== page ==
I know this woman.

I know her. I’ve met her. I went to school with her. Worked with her. She was my neighbor. My friend. My sorority sister. At the market. The local WalMart. Friend of a friend.

Ok, not the exact woman, to be sure. But I know this woman. She exists in many forms. In many towns. In many lives.

I know this woman. When we were kids, she was the girl who was a little bit stronger, a little bit bigger and a little bit bossier than the rest of us. She organized us. Made us entrepreneurs with her Kool-Aid/bake sale/car wash moneymaking idea.

And we believed her ideas. In part because she was so convincing. But mostly because she’d punch us in the arm, hard, if we didn’t go along.

I know this woman. Her parents think the world of her. They brought her up competitive and strong. Her dad made sure she wasn’t a lightweight girl, but could stand her own with the boys. Her family took her to church and demanded she believe without question. And she did.

I know this woman. She did pretty well at school and even though she was kind of a bully, the teachers liked her because she was smart and worked hard. Teachers like someone who tries.

I know this woman. In high school, she was popular. Charming. Charismatic. And class president. We knew she would be a good leader. We knew because she told us so. And we believed her. Mostly because our arm still ached from the last time we’d dared to not go along.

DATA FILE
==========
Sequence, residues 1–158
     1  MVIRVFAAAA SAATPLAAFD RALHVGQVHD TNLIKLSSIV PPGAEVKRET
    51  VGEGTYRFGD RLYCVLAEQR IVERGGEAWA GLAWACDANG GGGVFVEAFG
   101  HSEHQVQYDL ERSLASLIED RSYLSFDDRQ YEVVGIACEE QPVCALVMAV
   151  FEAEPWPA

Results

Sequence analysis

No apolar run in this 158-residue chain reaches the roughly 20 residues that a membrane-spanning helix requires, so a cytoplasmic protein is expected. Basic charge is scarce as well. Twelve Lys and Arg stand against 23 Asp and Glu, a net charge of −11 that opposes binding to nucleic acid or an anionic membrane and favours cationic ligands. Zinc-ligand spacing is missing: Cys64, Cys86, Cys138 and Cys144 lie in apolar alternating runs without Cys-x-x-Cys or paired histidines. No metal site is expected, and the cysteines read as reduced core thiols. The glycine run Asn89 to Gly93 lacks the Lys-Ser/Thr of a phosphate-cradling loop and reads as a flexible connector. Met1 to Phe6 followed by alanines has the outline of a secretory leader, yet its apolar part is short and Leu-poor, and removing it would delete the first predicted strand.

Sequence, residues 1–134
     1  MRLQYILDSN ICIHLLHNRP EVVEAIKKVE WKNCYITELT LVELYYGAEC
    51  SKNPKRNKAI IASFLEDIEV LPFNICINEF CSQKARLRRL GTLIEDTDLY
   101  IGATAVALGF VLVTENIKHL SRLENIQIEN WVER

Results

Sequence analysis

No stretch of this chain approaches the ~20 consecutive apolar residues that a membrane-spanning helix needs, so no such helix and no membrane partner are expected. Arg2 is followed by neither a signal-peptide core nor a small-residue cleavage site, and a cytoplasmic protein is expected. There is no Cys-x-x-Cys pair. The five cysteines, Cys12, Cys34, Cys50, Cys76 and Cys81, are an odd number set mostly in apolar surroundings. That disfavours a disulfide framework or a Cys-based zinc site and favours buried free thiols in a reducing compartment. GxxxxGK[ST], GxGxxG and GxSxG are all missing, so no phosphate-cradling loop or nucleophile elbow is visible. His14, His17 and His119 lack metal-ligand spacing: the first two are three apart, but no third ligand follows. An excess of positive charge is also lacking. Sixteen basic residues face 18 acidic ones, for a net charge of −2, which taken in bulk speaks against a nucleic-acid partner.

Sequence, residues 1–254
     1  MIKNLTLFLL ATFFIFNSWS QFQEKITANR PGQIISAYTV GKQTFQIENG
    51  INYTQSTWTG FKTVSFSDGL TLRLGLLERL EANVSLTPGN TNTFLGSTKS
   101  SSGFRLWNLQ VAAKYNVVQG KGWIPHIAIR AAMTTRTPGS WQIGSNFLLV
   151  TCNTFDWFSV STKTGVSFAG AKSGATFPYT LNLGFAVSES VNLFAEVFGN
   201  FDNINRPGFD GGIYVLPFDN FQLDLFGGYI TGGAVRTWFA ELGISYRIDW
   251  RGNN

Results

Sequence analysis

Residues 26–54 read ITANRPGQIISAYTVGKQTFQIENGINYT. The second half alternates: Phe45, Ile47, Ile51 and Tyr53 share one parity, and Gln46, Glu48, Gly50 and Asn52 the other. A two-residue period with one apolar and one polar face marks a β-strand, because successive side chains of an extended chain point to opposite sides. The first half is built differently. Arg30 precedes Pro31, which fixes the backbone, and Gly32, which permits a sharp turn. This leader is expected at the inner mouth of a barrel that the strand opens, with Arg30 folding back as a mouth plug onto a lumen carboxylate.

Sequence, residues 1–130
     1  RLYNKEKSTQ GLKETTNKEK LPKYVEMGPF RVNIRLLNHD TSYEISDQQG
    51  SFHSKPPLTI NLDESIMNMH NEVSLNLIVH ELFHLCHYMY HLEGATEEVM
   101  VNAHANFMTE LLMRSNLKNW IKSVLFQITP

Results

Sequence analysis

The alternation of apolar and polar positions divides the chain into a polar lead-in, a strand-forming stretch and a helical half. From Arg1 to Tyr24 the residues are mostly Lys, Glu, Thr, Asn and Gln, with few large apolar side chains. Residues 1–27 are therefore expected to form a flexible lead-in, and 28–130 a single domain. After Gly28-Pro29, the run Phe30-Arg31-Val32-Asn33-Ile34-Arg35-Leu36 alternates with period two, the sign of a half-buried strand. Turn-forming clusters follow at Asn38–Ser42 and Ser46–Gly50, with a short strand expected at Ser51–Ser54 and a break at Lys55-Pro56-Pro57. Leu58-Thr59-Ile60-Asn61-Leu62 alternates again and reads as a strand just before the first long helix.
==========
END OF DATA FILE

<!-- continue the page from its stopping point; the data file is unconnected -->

She pounded her way up and down the basketball court, fiercely competitive. She’d take nothing less than a win because that’s how she was made. It wasn’t about the game. It was about winning.

Not being a loser is all that matters. Losers are weak.

I know this woman. She was the go to, the clutch player, the one you’d turn to when you were in a bind because she could deliver. And she did.

I know this woman. Some girls hated her. She hated them back. Openly. If challenged, she’d rise to the fight. She wouldn’t stop until she won.

And she won. Because to her mind, there is no other way.

I know this woman. In college, she was unique. People couldn’t quite place that accent. “Why would a girl from where she’s from talk like that?” But her out-of-place accent was actually part of her charm.

She and I pledged together, wore the white robes, raised our hands, said the words and joined the club. But her aspirations were higher than mine.

I know this woman. She was president of the sorority/captain of the team/head of the club in a flash and she didn’t lead, she demanded. She didn’t take kindly to anyone who didn’t believe in her entirely. Follow her unquestioningly. Punishment for not following the path she demanded was swift.

She’s the woman who cornered me, told me if I didn’t snap to, follow her ways, do exactly as she said, she’d throw me out of the club/team/party.

And so I complied. Because I don’t play that way.

But she does.

I know this woman. She has beliefs. Strong beliefs. And will tell you exactly what she thinks about anything at any time whether it concerns her or not. Everyone else compares unfavorably because she’s the standard by which all are judged. And no one, but no one has got her beat.